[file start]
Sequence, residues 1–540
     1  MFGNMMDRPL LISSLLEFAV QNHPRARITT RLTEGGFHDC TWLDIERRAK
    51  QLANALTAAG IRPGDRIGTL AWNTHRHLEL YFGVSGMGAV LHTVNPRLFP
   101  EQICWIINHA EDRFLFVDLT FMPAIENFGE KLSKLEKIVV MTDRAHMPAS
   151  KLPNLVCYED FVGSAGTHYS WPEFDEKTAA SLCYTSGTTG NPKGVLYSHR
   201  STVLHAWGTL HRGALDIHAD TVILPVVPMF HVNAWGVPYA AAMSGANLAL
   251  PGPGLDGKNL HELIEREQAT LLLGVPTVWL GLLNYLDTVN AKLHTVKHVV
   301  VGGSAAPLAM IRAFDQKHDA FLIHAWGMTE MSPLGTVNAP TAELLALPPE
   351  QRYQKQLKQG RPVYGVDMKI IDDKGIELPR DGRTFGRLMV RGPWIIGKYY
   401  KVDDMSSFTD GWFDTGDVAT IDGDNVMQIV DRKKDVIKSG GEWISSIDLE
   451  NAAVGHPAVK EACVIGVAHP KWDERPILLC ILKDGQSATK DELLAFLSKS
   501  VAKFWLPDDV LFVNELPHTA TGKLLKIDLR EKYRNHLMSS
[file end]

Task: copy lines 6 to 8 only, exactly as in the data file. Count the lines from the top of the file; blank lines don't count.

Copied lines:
   201  STVLHAWGTL HRGALDIHAD TVILPVVPMF HVNAWGVPYA AAMSGANLAL
   251  PGPGLDGKNL HELIEREQAT LLLGVPTVWL GLLNYLDTVN AKLHTVKHVV
   301  VGGSAAPLAM IRAFDQKHDA FLIHAWGMTE MSPLGTVNAP TAELLALPPE